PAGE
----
Norovirus

What is the Norovirus?

Commonly referred to as the winter "Vomiting Bug", Norovirus is a term given to a group of stomach viruses that cause inflammation in the stomach and intestines. The Center for Disease Control and Prevention (CDC) estimates that, on average, there are 19 to 21 million reported cases of Norovirus each year within the United States. Currently, this year, there have been several outbreaks reported across the country. Therefore, people must become aware of the virus and how to prevent themselves from catching it.

Norovirus News

Earlier this month, the United States has seen one of the largest alleged outbreaks of the year. There have been two reported cases of Norovirus at Yosemite National Park so far, with 170 others suffering from symptoms that are consistent with the virus. There also has been an outbreak of what seems to be the same virus in Eastern Montana that infected 100 people.

Facts About the Norovirus

There is cause for alarm about Norovirus, mostly because the infection is extremely contagious, and it can happen to anyone. The virus is easily spread through schools and offices alike, and schools all over the country are shutting down to help contain the virus. Once infected, people tend to get better on their own within one to three days. Even after the symptoms go away, a person can still spread the virus for days after that. Even though someone gets infected, the same person can also catch the virus again.  The condition spreads more commonly during the winter season.

How Norovirus is Contracted

People become infected with Norovirus, mostly through the consumption of contaminated food or beverages. People also may come down with the virus through direct contact, followed by touching the eyes, mouth, or nose before washing hands. Noroviruses thrive in closed areas filled with a bunch of people, including restaurants and buildings. Once a person gets the virus, they can quickly spread from person to person. The virus can also survive harsh temperatures, both cold and hot. Norovirus can also spread through the air from vomiting or fecal material.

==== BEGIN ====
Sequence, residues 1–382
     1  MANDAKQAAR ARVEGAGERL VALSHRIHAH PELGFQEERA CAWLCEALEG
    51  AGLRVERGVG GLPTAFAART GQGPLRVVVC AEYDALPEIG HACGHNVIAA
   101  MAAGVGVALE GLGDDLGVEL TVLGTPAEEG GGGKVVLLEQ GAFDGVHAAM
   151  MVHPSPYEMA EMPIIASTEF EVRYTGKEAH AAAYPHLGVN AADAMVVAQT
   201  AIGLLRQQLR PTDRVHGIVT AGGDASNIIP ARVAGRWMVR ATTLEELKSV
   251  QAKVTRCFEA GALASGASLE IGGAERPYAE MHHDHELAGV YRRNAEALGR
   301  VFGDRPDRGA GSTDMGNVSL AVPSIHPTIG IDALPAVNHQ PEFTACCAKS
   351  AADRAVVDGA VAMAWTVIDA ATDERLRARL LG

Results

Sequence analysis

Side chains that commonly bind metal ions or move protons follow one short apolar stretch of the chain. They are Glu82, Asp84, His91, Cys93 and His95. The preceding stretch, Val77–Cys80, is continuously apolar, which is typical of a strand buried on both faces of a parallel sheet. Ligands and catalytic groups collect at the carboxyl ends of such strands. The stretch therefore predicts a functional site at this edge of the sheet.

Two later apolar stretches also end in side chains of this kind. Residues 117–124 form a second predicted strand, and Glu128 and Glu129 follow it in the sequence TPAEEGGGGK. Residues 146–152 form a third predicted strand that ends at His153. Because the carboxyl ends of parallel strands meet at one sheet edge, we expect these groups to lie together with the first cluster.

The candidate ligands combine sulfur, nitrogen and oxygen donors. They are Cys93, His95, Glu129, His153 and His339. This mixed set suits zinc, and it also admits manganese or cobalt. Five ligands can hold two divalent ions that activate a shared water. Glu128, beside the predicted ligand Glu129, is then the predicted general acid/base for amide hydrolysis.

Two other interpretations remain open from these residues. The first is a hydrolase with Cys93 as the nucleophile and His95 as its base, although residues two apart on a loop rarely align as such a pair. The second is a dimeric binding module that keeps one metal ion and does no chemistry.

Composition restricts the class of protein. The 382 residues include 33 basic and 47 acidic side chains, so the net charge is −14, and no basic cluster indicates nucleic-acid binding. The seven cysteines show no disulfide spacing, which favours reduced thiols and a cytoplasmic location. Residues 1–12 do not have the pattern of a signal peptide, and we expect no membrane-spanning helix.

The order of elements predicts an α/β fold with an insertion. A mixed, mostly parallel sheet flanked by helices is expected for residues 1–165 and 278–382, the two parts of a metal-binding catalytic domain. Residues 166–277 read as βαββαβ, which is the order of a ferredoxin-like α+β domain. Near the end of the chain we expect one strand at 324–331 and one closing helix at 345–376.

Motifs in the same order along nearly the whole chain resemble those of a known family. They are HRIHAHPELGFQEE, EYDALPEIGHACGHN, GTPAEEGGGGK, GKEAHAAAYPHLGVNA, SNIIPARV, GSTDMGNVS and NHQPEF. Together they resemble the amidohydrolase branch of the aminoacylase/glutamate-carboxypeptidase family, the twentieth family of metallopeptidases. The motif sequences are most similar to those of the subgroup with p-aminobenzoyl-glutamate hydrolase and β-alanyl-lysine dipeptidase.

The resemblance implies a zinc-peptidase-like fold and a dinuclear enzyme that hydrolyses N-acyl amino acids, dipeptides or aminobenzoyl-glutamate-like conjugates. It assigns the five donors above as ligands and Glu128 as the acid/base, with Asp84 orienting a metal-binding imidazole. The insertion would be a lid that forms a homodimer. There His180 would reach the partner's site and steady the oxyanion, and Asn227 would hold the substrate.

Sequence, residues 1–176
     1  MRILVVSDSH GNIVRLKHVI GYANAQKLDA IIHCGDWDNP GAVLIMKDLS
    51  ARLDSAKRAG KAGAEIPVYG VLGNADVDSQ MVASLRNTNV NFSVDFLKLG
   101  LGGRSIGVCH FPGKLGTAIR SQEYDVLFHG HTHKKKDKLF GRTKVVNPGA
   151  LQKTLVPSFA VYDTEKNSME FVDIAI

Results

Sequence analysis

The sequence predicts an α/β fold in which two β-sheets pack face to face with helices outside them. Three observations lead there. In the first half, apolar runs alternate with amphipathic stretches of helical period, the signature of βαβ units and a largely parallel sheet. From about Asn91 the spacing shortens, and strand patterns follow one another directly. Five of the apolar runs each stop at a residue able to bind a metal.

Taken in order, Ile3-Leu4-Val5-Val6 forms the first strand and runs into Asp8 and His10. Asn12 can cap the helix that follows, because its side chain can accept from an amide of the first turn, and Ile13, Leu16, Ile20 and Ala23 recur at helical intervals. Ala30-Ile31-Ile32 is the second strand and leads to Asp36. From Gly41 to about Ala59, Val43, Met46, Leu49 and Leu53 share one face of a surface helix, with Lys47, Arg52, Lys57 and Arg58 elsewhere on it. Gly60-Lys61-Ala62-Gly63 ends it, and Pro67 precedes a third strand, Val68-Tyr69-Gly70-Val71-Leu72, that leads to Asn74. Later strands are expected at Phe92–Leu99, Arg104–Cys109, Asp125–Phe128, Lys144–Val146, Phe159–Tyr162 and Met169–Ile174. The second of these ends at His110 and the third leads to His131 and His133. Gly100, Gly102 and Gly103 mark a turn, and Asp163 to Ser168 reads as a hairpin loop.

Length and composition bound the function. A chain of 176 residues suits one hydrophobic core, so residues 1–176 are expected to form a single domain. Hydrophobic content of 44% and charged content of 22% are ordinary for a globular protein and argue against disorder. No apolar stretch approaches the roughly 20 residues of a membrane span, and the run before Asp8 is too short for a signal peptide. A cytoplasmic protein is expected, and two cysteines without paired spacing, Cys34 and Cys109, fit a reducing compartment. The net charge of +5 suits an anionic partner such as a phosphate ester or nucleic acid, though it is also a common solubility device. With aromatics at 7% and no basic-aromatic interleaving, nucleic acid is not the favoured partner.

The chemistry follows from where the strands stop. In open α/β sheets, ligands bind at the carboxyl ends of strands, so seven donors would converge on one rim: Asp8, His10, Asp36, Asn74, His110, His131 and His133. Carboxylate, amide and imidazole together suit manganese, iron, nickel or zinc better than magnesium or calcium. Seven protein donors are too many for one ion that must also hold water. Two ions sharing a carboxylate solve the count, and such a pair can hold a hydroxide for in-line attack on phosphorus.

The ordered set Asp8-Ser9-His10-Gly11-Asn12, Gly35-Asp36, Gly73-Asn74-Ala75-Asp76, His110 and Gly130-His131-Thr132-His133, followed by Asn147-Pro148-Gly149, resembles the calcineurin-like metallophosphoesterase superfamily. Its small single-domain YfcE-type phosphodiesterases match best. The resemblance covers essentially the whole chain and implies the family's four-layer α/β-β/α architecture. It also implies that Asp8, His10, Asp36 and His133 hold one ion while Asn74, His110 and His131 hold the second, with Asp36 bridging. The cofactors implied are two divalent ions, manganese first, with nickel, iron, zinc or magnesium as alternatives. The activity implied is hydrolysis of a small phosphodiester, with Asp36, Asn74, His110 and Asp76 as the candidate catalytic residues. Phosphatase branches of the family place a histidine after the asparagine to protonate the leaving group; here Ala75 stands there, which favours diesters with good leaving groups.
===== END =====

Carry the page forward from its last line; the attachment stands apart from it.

Symptoms of Norovirus

Symptoms of Norovirus are similar to those of the stomach flu. However, the two illnesses are very different, mainly because Norovirus is so extremely contagious. A person infected with Norovirus will go through about three grueling days of vomiting, stomach pain, and diarrhea. The virus is hard to contain, seeing as it immediately becomes contagious even before the appearance of symptoms. Additional symptoms of Norovirus include mild fever, chills, sweating, muscle aches, and fatigue. While the symptoms of the infection are not very serious, dehydration can become a concern due to vomiting and diarrhea.

Treating Norovirus

There currently is no treatment for Norovirus. The infection does not respond to antibiotics, nor is there any antiviral medication for the virus. For people with a healthy immune system, the illness typically goes away on its own. There are some of those infected that have claimed that over the counter stomach medications such as Pepto Bismol and Kaopectate can help relieve symptoms of nausea, vomiting, and diarrhea. The biggest concern of Norovirus is dehydration. The virus causes excess sweating, vomiting, and diarrhea, which all contribute to rapid dehydration. It is essential to keep hydrated with sports drinks and other electrolyte-rich beverages. Often, IV Fluids are required in severe cases of dehydration. Mostly, the best way to treat the illness is by resting and staying as comfortable as possible. Avoid solid foods. When eating solids, do not eat anything that is heavily seasoned, or that may upset the stomach. Currently, there is no way to stop a fever entirely. However, medicines such as Tylenol, Advil, and Ibuprofen are all pain relievers that can help reduce the pain and discomfort from fever caused by Norovirus.

Prevent Norovirus Illness

Sanitation is the key to preventing illness caused by Norovirus. While the virus is extremely contagious and can even become airborne, basic hygiene practices can help minimize the chances of attaining the infection. Take the time to clean fruits and vegetables thoroughly before consuming them. Avoid contaminated food or water. Do not eat any foods prepared by someone that may be sick. When cooking, do so by using clean surfaces and utensils. Always wash hands regularly, especially after using the restroom or after handling a used diaper. Do not come into contact with anyone infected with Norovirus, and refrain form traveling when showing signs of infection. While Norovirus is not necessarily life-threatening, it is an unpleasant illness. The best way to contain the virus is by taking preventative methods, and by staying home when infected with the virus to avoid infecting others.

Norovirus is not typically life-threatening, as Coronavirus can be, however, the illness can cause a patient to be sick enough to require emergency medical attention. If you have any signs of the Norovirus, come to The Emergency Center immediately. We are here 24/7/365 if you or your family needs emergency care. Never second guess whether or not an illness is severe enough to require emergency attention. The Emergency Center provides up to 23 hours of Observation and offers 24/7 care with NO WAITING. Visit one of The Emergency Center’s convenient 24-hour locations in ArlingtonFort Worth, and San Antonio.